Even warships are described as such: “...4,500 tons of displaced blue water, half steel, half aluminum, four boilers, two propellers the size of tractors; commissioned four years ago, it was named after a Navy Lieutenant who had exploded along with his patrol boat in the Mekong Delta. Sleek, efficient, silent, beautiful. It was strange its efficiency was guided by men with a purpose of less beauty than the ship itself.”
Chris concludes: “...there isn’t enough warmth in anyone’s heart to let in all the world’s cold.”
There are so many incredible quotes and parts in this book. So, let's talk about the book itself. For all the incredible things it says and does, this book does have a few weaknesses. One of those issues is pacing. When you're first introduced to Cameron, the book meanders a bit with scientific and medical jargon. You get to see how Cameron responds to different patients and situations in his medical practice—how much he despises the machine. The thing is, one or two patients weren't enough, you encounter one patient after another patient after another patient. And, yes, each is interesting in their own right (some more than others) and there is some character development, but in the context of where this book eventually goes, it doesn't seem to fit all too well.
When you're first introduced to this book, it seems like a bunch of case studies intended to teach medical students in an Informatics class. If you've been in an Informatics class, you'd recognize that right away. So, we were thinking, is that the point of this book? To learn from fictitious case studies that read like those math problems where Timmy bought 40 cakes and traveled 25 miles, how many cakes does he have at the end of those miles?
This section is probably the most interesting and our favorite in the whole book. It's the only section of the book that kept our interest from the beginning of it to the end. It's hard to say why. Some of us are from the medical/healthcare field and appreciate some of these situations being represented on paper. That's unique. We haven't seen that much.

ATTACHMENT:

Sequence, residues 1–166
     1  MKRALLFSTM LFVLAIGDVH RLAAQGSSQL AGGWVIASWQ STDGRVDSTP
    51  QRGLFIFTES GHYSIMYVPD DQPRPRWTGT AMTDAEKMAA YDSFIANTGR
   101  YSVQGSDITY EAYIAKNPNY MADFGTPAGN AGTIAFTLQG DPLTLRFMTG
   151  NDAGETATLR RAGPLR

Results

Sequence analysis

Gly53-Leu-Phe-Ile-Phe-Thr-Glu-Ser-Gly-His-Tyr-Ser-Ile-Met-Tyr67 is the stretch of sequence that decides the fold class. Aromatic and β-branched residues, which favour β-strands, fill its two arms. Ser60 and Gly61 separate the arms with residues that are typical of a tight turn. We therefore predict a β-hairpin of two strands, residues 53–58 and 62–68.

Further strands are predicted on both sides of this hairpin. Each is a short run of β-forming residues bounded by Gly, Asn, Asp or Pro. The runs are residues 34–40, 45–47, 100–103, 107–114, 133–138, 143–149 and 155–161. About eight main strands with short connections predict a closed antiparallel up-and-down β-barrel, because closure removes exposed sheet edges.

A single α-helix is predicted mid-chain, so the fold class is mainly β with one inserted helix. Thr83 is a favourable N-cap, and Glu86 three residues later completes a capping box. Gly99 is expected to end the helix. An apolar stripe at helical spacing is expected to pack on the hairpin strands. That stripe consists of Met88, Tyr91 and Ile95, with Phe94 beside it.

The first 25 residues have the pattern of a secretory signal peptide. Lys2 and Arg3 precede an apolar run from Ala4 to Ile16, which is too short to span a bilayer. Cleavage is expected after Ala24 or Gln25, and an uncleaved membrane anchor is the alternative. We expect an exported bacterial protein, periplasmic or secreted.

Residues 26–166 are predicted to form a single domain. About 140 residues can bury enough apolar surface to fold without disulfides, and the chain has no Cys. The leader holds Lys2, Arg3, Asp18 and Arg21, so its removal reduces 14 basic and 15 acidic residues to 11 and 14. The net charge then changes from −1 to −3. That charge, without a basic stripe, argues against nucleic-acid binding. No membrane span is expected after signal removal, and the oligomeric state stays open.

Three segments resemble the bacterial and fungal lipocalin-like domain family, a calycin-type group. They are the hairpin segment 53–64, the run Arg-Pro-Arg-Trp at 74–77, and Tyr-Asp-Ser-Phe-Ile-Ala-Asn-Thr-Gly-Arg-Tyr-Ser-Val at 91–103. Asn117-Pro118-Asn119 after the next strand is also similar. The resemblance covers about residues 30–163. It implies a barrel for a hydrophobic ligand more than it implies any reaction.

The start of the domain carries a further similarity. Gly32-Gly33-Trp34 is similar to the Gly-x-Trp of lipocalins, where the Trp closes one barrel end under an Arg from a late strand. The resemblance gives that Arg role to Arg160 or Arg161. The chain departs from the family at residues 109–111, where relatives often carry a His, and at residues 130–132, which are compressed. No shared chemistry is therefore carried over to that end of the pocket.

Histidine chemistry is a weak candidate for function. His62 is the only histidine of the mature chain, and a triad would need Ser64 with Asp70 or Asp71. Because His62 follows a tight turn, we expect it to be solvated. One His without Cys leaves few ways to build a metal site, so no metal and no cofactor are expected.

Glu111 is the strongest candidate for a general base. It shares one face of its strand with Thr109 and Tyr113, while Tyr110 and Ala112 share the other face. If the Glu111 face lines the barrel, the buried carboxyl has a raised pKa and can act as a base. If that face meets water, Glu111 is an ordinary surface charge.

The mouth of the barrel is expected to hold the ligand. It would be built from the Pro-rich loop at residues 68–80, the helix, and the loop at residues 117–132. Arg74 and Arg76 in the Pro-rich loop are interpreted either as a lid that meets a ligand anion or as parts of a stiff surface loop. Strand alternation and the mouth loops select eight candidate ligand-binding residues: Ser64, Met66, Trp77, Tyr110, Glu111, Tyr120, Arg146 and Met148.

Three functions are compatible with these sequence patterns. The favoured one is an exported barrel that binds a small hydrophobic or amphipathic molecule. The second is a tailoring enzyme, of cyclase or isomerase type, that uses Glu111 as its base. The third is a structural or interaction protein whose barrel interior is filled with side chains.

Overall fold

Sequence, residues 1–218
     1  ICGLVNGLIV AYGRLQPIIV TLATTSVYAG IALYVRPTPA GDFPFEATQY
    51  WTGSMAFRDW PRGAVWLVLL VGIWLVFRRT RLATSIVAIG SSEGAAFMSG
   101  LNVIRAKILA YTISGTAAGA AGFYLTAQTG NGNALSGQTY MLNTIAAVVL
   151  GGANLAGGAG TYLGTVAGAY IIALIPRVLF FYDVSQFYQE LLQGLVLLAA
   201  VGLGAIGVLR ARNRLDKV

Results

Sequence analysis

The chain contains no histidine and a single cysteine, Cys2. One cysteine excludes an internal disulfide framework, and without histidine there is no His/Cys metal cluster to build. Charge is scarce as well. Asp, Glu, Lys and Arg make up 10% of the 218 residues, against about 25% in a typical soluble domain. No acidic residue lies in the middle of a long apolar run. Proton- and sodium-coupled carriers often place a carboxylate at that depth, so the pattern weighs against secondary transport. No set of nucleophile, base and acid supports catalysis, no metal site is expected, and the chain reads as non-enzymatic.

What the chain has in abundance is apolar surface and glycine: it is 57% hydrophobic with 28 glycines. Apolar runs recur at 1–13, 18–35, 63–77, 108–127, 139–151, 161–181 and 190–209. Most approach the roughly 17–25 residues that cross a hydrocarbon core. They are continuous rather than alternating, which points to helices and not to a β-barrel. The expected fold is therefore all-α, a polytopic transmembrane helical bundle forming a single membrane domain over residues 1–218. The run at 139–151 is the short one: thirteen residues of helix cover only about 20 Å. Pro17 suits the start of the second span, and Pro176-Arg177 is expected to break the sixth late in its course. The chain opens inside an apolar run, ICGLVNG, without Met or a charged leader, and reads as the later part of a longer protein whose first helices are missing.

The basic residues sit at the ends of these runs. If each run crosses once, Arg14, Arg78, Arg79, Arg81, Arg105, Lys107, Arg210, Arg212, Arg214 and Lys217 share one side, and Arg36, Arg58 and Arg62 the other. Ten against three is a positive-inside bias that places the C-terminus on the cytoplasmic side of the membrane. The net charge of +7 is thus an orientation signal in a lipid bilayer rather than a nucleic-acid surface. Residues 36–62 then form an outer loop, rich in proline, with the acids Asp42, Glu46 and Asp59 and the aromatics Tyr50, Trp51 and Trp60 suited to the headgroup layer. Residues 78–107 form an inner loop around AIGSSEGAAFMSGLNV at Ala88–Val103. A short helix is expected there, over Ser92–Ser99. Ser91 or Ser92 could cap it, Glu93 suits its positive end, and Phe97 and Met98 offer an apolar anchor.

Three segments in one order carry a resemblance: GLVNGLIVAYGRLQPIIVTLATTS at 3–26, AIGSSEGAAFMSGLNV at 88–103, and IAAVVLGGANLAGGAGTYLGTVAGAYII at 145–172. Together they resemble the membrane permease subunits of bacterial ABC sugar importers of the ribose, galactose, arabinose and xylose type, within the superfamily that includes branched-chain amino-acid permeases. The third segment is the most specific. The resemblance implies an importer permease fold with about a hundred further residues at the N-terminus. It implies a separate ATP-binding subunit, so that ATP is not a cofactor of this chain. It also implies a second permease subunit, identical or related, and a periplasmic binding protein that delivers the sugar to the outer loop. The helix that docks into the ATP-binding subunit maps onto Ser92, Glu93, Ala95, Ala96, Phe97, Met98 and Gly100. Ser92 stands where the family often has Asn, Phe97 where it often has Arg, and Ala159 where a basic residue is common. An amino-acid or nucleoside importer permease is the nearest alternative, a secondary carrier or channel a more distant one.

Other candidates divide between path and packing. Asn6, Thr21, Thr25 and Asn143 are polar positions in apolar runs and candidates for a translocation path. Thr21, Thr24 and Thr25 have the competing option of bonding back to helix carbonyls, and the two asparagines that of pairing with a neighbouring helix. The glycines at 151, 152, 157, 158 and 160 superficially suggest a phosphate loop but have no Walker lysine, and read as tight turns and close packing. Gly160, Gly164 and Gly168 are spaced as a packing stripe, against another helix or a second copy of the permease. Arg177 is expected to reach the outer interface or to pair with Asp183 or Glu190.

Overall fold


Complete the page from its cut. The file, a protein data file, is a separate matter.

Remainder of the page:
However, this book takes such a drastic, dramatic turn when Cameron basically goes to war as a medic and continues some sort of long-distance romance side-plot. It's a bit jarring and doesn't seem to fit well with the opening chapters. When this book becomes a military novel, we started to lose interest, even when the bullets were firing and things were exploding. We've seen and read about that stuff dozens of times before.
We've read so many Vietnam War novels, it becomes cloying and depressing after a while. It feels like everyone's doing it and talking about it. It's always either the Vietnam War or World War II. While this does give you a rather unique perspective of the conflict (from a disgruntled doctor's point of view), it doesn't change the fact that it's such change of face and feel from the earlier chapters.
Moving onward, the book seems to nosedive a little bit as we follow more of Cameron's love life and and his personal quest to find himself and his place in the universe. Now, it's not abnormal for him to do this in the desert. After all, John the Baptist, Jesus, and Moses had moments of discovery in the desert.
It just feels like this book skips around just a little too much for its own good. Just when you're intrigued and leaning in to learn more, the book takes you somewhere else entirely. You rarely ever hear about Cameron's former patients again, so, they exist only as bricks in the wall of Cameron's character development. However, at least Cameron IS a character who receives development and seems like a real person. He might be one of the most realistic characters we've seen in a novel, which is a huge plus.